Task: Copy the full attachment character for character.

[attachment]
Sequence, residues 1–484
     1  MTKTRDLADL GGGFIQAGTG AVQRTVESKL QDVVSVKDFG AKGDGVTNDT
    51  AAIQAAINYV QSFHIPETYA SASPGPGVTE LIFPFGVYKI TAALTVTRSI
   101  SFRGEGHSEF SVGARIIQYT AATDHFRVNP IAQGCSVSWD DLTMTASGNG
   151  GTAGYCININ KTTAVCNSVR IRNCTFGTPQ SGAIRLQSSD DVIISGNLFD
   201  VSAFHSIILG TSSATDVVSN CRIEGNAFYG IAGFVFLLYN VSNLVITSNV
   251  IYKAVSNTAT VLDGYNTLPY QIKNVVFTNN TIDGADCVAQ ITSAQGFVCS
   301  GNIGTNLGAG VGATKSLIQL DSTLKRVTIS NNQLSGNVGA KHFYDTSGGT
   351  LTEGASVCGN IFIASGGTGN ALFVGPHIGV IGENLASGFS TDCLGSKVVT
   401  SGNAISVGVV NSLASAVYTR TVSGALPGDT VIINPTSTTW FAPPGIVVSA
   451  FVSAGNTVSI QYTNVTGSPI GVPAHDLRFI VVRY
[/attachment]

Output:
Sequence, residues 1–484
     1  MTKTRDLADL GGGFIQAGTG AVQRTVESKL QDVVSVKDFG AKGDGVTNDT
    51  AAIQAAINYV QSFHIPETYA SASPGPGVTE LIFPFGVYKI TAALTVTRSI
   101  SFRGEGHSEF SVGARIIQYT AATDHFRVNP IAQGCSVSWD DLTMTASGNG
   151  GTAGYCININ KTTAVCNSVR IRNCTFGTPQ SGAIRLQSSD DVIISGNLFD
   201  VSAFHSIILG TSSATDVVSN CRIEGNAFYG IAGFVFLLYN VSNLVITSNV
   251  IYKAVSNTAT VLDGYNTLPY QIKNVVFTNN TIDGADCVAQ ITSAQGFVCS
   301  GNIGTNLGAG VGATKSLIQL DSTLKRVTIS NNQLSGNVGA KHFYDTSGGT
   351  LTEGASVCGN IFIASGGTGN ALFVGPHIGV IGENLASGFS TDCLGSKVVT
   401  SGNAISVGVV NSLASAVYTR TVSGALPGDT VIINPTSTTW FAPPGIVVSA
   451  FVSAGNTVSI QYTNVTGSPI GVPAHDLRFI VVRY